72g fat 20g protein 15g carbohydrate - per serving

Chocolate Orange & Cardamom Fat Nuggets

by Susan Smith in ,

The majority of people think my diet-led lifestyle, as documented on Primal Plate’s blog, is impossibly hard to follow. So at the risk of repeating myself, in today’s post I’m going to attempt to sort the ‘wheat from the chaff’ of excuses people give for turning a blind eye and continuing to make dietary choices that are clearly detrimental to their health. 

First up, “I’ve no time to cook”. Aside from eating raw food or at the very least throwing everything together in a blender to make nutritious soups and smoothies, if you won’t regularly cook real food at home, you’re in trouble. If you’re not willing to invest the time to eat healthy food now, you’ll almost certainly spend time later in a sickened state rueing the day you thought you had something better to do. My secret weapon in the kitchen is enlisting my husband’s help. Don’t try to go it alone, it’s much too much like hard work. I am as much a time-poor cook as you, but needs must if you want to safeguard your health and/or reverse obesity and other diseased states. 

“I can’t cook”. As someone who extrapolates information from unintelligible recipes and reconstructs them for Primal Plate’s website, I can understand that many people, having given cooking a go, have deduced from the results that they can’t cook. However, it’s not your fault if the recipe you followed is just plain wrong, which they often are! All Primal Plate recipes are throughly tested before publication and we re-visit them - oftentimes over and over again - when cooking our own meals. In my absence, both my partner John and daughter Sarah faithfully follow Primal Plate recipes on their iPhones to both shop for and then produce the same delicious results. It’s comforting to know that if anything happens to me they’ll have a volume of healthy recipes to refer to that won’t ever let them down. If you can read, you can cook.

“It’s too expensive”. Buying organic is something I’m really strict about - not just fruit, vegetables, nuts, seeds, meat, fish and dairy but also tea, coffee (made with filtered water), the wine we drink (very low sulphite) and condiments like salt, vinegar, pepper, other spices, herbs and flavourings. The same rule applies to all our personal care and household cleaning products etc. Whilst you can never avoid all the noxious chemicals man has devised in the name of profit and experimentation in this mad world (hello Monsanto/Bayer), you can at least limit your exposure by filtering out all those toxins in your food and drink, the air you breathe and what you absorb via your mouth (toothpaste etc.) and skin. What happens when you combine processed junk food, GMOs, antibiotics, agricultural chemicals, dodgy school dinners, fluoride-loaded water, chemical-based prescription medicines and toxic vaccination programmes? God only knows, but there are people and corporations that are hell-bent on de-populating the earth, and it seems to me that they have the process well in hand! Eating mostly fresh, raw, organic whole foods and going ‘green’ may cost a little more money but it is an act of defiance in support of the environment that can help prevent disease, keep you out of hospital and extend life. What price good health? You decide.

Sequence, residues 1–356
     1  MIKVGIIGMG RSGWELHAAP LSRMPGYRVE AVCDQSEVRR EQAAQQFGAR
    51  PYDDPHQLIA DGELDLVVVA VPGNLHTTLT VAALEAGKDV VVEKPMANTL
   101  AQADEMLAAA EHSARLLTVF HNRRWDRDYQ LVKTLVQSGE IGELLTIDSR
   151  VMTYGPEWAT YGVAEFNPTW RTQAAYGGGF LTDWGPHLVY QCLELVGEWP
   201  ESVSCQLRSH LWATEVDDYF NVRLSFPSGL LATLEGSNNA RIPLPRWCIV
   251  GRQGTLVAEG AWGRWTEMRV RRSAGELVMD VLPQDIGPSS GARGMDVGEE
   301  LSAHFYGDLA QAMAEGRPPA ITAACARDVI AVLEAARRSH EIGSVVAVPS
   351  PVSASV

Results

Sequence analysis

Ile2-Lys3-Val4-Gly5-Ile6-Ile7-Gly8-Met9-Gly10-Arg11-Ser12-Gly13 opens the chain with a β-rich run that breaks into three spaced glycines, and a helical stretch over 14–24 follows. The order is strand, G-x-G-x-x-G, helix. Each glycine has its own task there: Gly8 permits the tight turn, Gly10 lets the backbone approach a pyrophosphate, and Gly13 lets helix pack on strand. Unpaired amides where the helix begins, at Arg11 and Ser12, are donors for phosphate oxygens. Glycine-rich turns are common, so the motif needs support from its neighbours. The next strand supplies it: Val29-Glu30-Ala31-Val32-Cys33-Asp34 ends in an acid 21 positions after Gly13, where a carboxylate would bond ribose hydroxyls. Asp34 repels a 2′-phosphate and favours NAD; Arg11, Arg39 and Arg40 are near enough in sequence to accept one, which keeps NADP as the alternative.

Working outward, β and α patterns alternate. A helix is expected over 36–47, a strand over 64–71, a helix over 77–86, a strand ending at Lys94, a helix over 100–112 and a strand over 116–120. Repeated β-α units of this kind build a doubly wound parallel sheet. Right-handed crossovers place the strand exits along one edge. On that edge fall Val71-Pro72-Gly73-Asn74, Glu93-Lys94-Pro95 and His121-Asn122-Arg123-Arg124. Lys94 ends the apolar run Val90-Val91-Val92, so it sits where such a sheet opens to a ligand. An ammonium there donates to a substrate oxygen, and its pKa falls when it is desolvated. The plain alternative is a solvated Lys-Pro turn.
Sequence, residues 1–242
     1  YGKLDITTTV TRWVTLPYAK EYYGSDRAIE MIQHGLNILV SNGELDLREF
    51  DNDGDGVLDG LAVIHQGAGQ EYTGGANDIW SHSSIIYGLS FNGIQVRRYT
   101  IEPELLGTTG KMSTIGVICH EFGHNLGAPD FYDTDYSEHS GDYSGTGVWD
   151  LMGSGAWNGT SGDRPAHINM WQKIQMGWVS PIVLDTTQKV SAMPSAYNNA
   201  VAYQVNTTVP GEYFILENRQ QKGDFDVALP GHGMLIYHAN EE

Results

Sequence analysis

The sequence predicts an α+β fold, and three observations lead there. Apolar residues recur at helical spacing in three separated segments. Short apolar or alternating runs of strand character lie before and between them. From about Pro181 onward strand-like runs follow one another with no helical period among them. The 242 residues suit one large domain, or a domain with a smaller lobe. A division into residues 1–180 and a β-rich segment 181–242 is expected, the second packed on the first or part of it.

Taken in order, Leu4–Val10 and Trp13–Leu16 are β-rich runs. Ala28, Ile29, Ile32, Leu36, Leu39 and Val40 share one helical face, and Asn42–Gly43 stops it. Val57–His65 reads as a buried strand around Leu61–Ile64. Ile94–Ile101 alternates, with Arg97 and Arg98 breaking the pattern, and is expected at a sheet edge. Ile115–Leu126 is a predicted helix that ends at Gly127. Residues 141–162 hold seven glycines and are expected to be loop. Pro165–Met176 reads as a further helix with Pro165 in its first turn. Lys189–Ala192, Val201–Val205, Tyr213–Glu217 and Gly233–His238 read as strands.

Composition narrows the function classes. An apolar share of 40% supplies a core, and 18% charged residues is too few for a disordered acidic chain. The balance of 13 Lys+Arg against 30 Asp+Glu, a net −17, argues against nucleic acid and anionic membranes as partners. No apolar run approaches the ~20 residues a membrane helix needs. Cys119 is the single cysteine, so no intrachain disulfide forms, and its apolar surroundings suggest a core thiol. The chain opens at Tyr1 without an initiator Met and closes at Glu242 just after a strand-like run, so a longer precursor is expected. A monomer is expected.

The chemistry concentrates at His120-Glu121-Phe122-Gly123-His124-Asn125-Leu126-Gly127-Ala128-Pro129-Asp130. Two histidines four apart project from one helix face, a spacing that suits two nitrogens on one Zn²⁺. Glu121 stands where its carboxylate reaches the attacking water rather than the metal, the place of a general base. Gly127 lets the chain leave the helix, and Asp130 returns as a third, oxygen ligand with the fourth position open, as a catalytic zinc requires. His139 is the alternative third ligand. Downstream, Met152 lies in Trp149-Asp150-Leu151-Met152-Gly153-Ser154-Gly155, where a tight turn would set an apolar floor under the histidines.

A high fat diet makes you fat”. No it does not. Eating foods that are high in healthy fats fills you up and makes you want to eat less, which aids weight loss. Just don’t combine high-fat food with high-carbohydrate foods or too much protein. If you eat high carbohydrate foods and more protein than your body requires, it will simply convert most of those calories to sugar (glucose) and then fat. Increased blood sugar levels from whatever source also fuels cancer cell growth. Since reading Fat For Fuel, my goal, which I track most days via, is to eat a diet high in healthy fat with medium amounts of protein and low amounts of carbohydrate. The ratio looks something like this: 94g fat, 65g protein and 49g carbohydrate per day. Anyone who wants to lose weight, combat disease, slow down ageing, boost their brain power and have more energy, needs to get onboard with the principles of Fat For Fuel and quit thinking that the body needs carbohydrates (glucose) for energy, or that eating low-carb means replacing carbohydrates with excessive amounts of protein (also glucose forming!) as subscribed to by followers of Atkins, Paleo and Primal.